Really pulling for you, you can get through this x


Has anyone ever successfully dealt with serious mental exhaustion caused by work-related stress?

I’m an absolute mess at the minute. Three years of stress caused by silly stuff at work not getting resolved. At the point now where it feels like my kidneys are packing in (there will be other factors to this, but ultimately caused by the stress).

Took some time off, but i can’t think about anything else. Constant catastrophising about it to the point that i’m pretty much bedridden with fatigue.

How do you suddenly start not worrying about something, bearing in mind that i’d sooner not drink or take anything whilst having (undiagnosed) kidney issues, and being too weak for even light exercise?


Hey, I’ve just read this. You were on my mind yesterday for some reason so I guess it’s timely.

The whole situation sounds really difficult and stressful for you. Having been through bereavement(s) recently, it’s really tough to do this and juggle being a dad as well.

For what it’s worth, I remember feeling a lot of the things you’re feeling when my eldest was around the same age as yours is now. It’s exhausting work. I’m happier than I was back then, but still I’m sometimes in tears in front of my children and it feels awful, like the opposite of what a dad is supposed to be like. (I know this is a social construct but still, it’s tough.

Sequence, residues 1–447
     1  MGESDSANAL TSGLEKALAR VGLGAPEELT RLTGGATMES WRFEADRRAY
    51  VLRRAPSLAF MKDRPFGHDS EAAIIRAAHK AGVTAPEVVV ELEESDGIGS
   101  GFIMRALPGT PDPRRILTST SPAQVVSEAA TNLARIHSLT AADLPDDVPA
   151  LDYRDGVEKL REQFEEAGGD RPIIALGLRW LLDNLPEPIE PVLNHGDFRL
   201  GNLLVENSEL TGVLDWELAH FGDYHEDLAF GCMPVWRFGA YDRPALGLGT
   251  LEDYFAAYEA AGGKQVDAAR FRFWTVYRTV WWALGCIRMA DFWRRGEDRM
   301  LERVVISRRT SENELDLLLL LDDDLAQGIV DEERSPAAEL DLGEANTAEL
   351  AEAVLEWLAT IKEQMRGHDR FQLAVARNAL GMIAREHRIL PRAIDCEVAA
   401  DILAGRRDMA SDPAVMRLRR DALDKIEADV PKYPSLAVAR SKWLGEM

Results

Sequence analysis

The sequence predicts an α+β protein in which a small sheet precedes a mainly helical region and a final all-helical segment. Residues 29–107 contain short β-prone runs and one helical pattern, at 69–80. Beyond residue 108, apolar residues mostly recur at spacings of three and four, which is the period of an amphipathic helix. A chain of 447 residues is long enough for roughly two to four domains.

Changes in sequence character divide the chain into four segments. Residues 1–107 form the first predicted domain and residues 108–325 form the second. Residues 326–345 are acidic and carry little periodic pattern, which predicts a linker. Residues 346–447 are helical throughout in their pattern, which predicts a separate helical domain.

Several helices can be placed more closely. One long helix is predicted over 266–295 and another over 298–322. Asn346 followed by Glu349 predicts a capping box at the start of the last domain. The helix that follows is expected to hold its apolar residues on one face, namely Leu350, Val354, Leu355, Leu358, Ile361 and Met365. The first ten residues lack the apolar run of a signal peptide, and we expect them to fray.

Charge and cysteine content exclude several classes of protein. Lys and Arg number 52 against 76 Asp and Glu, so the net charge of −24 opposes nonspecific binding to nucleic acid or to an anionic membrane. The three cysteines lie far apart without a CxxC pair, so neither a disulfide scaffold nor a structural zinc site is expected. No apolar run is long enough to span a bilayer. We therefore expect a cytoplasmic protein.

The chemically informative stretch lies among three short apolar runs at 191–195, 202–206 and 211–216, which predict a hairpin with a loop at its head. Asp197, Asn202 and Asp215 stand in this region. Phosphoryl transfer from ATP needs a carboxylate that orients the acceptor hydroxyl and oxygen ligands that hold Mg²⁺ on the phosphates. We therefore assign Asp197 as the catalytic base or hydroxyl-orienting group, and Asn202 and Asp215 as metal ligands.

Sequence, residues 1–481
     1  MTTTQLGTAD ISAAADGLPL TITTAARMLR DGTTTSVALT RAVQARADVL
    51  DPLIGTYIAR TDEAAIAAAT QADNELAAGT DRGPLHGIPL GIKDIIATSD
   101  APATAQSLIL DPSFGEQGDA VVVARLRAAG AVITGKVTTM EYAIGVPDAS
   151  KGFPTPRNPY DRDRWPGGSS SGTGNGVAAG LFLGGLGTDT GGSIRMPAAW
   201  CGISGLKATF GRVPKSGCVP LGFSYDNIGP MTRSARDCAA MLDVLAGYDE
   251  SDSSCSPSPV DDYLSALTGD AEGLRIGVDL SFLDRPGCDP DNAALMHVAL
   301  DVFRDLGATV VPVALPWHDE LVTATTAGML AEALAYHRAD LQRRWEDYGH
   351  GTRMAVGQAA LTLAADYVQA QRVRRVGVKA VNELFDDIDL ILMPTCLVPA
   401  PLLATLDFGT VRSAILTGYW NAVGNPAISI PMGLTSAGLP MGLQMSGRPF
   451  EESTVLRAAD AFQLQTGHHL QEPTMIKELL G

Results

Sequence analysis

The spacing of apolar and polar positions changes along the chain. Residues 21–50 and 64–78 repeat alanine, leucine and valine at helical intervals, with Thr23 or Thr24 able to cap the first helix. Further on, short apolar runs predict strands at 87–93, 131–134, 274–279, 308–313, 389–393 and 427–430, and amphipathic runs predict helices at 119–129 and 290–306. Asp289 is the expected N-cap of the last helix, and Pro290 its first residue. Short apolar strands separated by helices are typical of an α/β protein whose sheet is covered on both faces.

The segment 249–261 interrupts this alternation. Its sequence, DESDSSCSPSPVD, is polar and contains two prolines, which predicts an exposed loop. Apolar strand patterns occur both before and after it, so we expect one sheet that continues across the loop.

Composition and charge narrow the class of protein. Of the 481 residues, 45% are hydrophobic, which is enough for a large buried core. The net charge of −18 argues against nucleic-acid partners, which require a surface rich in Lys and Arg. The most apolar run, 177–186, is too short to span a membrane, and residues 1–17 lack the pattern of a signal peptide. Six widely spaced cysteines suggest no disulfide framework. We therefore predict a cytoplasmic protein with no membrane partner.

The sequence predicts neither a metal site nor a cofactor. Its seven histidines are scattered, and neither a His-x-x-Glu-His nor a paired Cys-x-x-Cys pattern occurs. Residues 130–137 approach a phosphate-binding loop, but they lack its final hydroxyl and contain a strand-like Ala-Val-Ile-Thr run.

In terms of taking a break - I’m taking it that childcare is hard to come by at the moment?

You’re a great guy; if you ever need to DM to offload then feel free.


sorry to hear you’re not doing well.

i spent some time on a psychiatric ward last year, as both an in and out patient. PM me if you want to talk about it.


It’s not something I’ve experienced myself, but hopefully someone else can offer some better concrete advice.

Is going to see a GP and getting signed off an option for you? If so that might help alleviate things short term. In terms of the root stuff at work, are you at an organisation large enough that there’s occupational health or HR teams you can go to about these things, or is it a smaller one where that route isn’t really an option?

I also know you’ve said that even light exercise isn’t really a thing you can do, but I know quite a few people here have found going for a walk somewhere quiet and away from other people to be useful at times. Even if it’s just to sit in a nearby park with a book on a nice day there’s just a small chance it may distract you slightly from work troubles.


I’m 25 and I’m starting to get that… that horrible realisation that time isn’t an unlimited resource. I’m learning that you have to use time well if you want to get anywhere. I’ve wasted about 4 years of my life doing basically nothing and it freaks me out a bit.

I think our generation faces very different circumstances to previous ones though, where everyone achieved their milestones at much younger ages. Doing everything before you’re 30 isn’t the norm anymore. Plus life expectancy has gone up.


In fact, in a way I feel sorry for people who achieve so much at a young age. I wouldn’t want my life to peak now.


Finding it really difficult to cope today, and I really need to be getting stuff done today. Really stuck